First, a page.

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Violence in the context of personal relationships

Violence in the context of personal relationships

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Violence in the context of personal relationships

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  1. Violence in the context of personal relationships

  2. Introduction • Context of book chapter • Recognise complexity of issues • Not a ‘how to’ session- emphasis on evaluating current position especially in relation to young people

  3. Definition Any incident or pattern of incidents of controlling, coercive or threatening behaviour, violence or abuse between those aged 16 or over who are or have been intimate partners or family members regardless of gender or sexuality. This can encompass but is not limited to the following types of abuse: • psychological • physical • sexual • financial • emotional (Home Office 2012) Controlling behaviour is: a range of acts designed to make a person subordinate and/or dependent by isolating them from sources of support, exploiting their resources and capacities for personal gain, depriving them of the means needed for independence, resistance and escape and regulating their everyday behaviour. Coercive behaviour is: an act or a pattern of acts of assault, threats, humiliation and intimidation or other abuse that is used to harm, punish, or frighten their victim.” *

  4. DAPHNE Research • Conducted during 2009-10, report published in 2011 • Partners; Newman, Alice Salomon University Of Applied Sciences Berlin and Lucian Blaga University Sibiu. • Spoke to Policymakers, Service Providers and those who had used services • Raised a number of significant policy, ethical and methodological issues.

  5. DAPHNE findings- service users • Similar results from interviews in Germany UK and Romania • Respect for the rights of the individuals involved • Acceptance of the veracity of the circumstances described by victims of domestic violence • Availability and access to information that is accurate, relevant and simply written • Staff who are supportive, sympathetic and appropriately trained • Speedy access (through referral mechanisms as appropriate) to health, social care, education and legal services • Support to provide a degree of continuity in lives of dependent children e.g. continuation of their education • Advice, counselling and a ‘listening ear’ as necessary • Provision of emergency food, clothing, etc. • Provision that is geographically appropriately situated and offers a high level of personal security • (Tucker et al 2011)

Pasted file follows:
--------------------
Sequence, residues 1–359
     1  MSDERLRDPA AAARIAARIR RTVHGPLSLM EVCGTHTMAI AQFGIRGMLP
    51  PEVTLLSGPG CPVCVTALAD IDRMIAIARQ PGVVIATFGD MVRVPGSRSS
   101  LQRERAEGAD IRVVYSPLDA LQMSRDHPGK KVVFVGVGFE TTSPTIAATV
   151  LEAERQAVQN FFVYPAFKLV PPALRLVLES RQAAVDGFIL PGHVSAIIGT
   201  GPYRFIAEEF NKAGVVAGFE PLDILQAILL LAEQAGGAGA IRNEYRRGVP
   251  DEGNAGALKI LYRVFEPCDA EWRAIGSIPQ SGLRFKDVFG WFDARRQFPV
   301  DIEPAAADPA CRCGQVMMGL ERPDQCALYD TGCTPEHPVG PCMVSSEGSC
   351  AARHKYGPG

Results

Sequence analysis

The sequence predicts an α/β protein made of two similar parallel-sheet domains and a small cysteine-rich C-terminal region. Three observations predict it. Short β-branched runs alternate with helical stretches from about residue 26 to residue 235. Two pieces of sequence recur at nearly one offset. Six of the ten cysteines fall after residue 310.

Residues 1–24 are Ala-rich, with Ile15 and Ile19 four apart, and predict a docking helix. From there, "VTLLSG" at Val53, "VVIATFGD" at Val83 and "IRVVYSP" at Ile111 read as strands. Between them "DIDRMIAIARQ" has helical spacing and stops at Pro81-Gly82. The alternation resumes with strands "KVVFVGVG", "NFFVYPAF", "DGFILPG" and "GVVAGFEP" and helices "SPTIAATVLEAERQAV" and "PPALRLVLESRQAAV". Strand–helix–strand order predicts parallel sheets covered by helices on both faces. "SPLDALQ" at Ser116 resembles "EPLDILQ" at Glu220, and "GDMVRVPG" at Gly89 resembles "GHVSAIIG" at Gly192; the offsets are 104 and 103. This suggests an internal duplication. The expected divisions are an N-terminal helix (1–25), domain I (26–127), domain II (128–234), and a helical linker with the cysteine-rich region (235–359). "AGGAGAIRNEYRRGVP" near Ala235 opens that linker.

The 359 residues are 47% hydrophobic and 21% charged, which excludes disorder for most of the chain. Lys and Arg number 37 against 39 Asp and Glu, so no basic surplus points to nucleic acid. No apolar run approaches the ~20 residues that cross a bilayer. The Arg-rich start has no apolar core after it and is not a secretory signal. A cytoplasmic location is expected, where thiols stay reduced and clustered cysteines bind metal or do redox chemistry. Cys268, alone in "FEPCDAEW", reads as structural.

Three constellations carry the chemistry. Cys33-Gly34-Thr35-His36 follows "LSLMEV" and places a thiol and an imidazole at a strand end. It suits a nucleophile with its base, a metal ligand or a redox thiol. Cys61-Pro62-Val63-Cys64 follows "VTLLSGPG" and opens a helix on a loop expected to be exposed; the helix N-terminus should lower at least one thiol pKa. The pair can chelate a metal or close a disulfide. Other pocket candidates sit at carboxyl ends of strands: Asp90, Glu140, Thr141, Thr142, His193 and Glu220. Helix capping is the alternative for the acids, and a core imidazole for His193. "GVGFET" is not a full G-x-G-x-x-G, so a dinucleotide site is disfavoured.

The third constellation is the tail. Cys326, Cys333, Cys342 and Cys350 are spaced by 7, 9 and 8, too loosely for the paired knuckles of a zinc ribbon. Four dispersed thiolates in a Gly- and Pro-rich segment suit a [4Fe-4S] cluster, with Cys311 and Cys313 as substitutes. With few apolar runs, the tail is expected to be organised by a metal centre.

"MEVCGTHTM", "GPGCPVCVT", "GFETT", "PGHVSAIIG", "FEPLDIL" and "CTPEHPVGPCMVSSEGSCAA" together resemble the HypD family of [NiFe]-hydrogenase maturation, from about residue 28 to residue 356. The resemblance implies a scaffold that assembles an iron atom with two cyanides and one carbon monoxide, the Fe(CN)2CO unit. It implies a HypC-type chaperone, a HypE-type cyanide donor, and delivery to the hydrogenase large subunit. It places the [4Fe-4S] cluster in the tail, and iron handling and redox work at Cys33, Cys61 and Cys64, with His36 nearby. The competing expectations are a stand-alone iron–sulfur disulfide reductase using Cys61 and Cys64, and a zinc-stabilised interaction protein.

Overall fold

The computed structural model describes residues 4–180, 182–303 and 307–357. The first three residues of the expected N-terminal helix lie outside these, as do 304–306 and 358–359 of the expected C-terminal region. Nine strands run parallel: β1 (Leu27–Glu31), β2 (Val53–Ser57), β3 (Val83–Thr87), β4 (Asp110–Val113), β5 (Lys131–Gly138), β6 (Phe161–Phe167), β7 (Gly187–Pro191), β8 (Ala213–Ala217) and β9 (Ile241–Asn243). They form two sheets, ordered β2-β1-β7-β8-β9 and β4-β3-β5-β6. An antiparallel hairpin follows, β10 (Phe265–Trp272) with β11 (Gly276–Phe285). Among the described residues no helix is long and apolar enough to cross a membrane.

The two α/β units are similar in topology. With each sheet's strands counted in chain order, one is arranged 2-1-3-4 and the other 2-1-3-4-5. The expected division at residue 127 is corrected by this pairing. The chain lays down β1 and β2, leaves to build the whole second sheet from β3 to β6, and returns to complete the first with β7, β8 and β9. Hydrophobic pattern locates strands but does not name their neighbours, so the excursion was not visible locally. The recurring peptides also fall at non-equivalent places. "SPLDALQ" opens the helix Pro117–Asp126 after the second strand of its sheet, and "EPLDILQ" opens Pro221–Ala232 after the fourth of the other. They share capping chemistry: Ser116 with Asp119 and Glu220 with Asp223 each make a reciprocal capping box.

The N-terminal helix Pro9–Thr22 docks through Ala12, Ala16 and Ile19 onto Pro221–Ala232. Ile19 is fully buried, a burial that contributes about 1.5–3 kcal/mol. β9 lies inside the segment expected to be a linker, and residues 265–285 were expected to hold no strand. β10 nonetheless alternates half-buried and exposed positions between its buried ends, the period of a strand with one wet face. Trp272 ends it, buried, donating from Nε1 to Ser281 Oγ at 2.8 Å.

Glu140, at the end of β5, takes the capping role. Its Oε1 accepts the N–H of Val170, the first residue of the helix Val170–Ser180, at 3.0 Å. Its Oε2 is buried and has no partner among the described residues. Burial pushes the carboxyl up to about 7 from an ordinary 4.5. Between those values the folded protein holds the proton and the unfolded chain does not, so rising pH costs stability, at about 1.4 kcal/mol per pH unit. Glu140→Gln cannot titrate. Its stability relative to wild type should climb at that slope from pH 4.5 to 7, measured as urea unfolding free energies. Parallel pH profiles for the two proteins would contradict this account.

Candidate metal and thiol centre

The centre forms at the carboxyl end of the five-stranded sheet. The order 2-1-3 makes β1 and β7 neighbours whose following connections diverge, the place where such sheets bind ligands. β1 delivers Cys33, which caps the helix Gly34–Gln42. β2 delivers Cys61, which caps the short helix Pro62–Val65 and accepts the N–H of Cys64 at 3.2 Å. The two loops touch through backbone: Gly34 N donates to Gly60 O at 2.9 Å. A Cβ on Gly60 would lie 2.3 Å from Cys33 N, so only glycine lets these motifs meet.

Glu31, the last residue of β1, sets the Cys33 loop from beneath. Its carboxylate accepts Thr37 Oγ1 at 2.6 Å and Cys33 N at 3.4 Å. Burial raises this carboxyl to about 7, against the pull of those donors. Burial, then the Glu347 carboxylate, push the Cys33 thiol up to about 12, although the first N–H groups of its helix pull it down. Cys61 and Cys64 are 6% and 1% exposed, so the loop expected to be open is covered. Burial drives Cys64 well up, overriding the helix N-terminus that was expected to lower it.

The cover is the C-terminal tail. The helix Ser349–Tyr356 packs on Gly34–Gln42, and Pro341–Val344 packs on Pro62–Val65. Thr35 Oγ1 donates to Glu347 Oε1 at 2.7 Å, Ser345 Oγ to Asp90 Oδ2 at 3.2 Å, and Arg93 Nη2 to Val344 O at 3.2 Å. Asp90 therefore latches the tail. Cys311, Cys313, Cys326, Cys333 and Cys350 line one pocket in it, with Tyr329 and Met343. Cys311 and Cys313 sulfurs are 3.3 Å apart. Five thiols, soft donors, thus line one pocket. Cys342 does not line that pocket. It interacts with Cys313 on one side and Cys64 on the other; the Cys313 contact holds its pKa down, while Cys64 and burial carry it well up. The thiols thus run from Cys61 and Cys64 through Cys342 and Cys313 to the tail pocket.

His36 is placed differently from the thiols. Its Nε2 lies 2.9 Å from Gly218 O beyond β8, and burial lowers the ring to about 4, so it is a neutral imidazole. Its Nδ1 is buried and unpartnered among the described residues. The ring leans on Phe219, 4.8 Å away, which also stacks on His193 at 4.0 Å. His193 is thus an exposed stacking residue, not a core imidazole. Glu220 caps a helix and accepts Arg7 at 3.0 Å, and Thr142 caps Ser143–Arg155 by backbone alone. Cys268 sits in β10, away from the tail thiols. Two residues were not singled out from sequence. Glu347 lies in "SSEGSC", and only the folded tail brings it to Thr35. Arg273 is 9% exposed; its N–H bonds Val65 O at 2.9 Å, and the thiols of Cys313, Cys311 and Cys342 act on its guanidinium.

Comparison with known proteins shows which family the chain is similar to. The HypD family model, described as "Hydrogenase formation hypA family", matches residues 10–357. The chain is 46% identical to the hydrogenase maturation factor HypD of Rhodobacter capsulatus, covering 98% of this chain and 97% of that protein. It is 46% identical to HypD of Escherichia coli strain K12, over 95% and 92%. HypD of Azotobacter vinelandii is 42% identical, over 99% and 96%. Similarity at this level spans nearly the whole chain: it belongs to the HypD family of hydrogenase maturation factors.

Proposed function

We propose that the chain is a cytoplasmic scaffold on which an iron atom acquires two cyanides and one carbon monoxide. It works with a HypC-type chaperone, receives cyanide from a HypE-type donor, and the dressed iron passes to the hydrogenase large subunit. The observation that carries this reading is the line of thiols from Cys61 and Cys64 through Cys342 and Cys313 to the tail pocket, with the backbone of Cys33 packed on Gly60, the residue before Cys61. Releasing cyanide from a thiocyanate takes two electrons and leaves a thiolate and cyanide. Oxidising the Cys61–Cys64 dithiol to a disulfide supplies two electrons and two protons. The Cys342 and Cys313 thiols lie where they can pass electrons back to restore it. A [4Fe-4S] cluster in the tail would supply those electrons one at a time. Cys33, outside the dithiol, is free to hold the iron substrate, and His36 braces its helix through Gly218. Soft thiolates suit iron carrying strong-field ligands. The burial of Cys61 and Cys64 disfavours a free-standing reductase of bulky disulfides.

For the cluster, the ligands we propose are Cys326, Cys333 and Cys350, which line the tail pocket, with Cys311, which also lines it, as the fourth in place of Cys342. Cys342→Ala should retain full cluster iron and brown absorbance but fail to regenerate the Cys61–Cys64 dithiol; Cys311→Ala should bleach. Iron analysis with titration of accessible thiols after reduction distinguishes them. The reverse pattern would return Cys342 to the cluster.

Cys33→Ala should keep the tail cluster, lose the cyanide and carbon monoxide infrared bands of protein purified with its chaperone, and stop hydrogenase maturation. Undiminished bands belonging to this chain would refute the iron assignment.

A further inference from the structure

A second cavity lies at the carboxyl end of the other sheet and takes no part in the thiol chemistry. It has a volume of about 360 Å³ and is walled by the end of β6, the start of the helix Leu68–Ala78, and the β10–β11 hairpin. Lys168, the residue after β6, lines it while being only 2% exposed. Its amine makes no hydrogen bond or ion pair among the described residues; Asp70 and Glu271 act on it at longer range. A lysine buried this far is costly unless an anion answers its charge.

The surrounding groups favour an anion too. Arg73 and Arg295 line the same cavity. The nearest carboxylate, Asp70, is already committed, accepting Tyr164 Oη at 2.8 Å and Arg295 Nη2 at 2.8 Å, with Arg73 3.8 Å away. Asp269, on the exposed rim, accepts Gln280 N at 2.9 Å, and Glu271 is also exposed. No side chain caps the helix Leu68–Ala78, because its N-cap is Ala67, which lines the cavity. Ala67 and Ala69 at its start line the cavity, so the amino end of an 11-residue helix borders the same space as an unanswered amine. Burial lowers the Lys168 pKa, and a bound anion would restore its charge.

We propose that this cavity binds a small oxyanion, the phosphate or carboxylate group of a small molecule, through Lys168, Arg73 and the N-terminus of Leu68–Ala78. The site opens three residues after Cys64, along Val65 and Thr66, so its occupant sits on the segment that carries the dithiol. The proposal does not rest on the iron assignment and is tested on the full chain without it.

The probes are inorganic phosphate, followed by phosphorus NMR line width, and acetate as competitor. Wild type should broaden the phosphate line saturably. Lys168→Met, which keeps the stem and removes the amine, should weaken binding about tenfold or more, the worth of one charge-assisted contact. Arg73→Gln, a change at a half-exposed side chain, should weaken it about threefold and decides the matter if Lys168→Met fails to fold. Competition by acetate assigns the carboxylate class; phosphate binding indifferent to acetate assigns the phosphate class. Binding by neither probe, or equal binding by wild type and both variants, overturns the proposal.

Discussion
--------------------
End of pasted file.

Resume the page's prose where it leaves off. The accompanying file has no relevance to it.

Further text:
6. The implications of this are that • DV policy needs to incorporate; • Criminal justice • Benefits • Health • Housing • Social ‘Care’ • Why? • Where do you think the gaps are?

  7. Holes in the policy net- Some Examples • No recourse to public funds • Links to disability • Same Sex relationships • Services which reflect the international dimension • Services for young people outside the criminal justice context • Violence against Men

  8. An Example; Hidden voices- Hague et al 2011 • Be informed about disabled women's needs.” • “Take advice from and consult with disabled women.” • “Provide accessible, well-publicized domestic violence services (including refuge accommodation) that disabled women are informed about.” • “Do not threaten disabled women with institutionalization if no refuge space is available.” • “Develop good accessible alternative accommodation, both temporary and permanent, plus support to access it.” • “Develop disability equality schemes, training and reviews with direct input from disabled women.” • “Take disabled women seriously and avoid being patronizing to us.”

  9. Another example Girlguiding UK • Statistics from Girlguiding’s 2012 Girls’ Attitudes Survey showed that two-fifths of girls believe it is acceptable for a partner to make you tell them where you are all the time. • One in ten says it is appropriate for a partner to tell you who you can and can’t spend time with. • A fifth say it is acceptable for a partner to shout at you and call you names (21%) or send photos or videos of you to friends without your permission (17%). • One in five said it is okay for a partner to tell you what you can and cannot wear. • It would seem that these examples of controlling behaviour – all covered by the government’s new definition of domestic abuse – are an accepted part of relationships for too many girls. •

  10. Discussion points • How do we seek to ensure that issues of violence are given greater emphasis practically as well as rhetorically? • Is there more that we could/should do in working with children and young people to promote awareness / support ?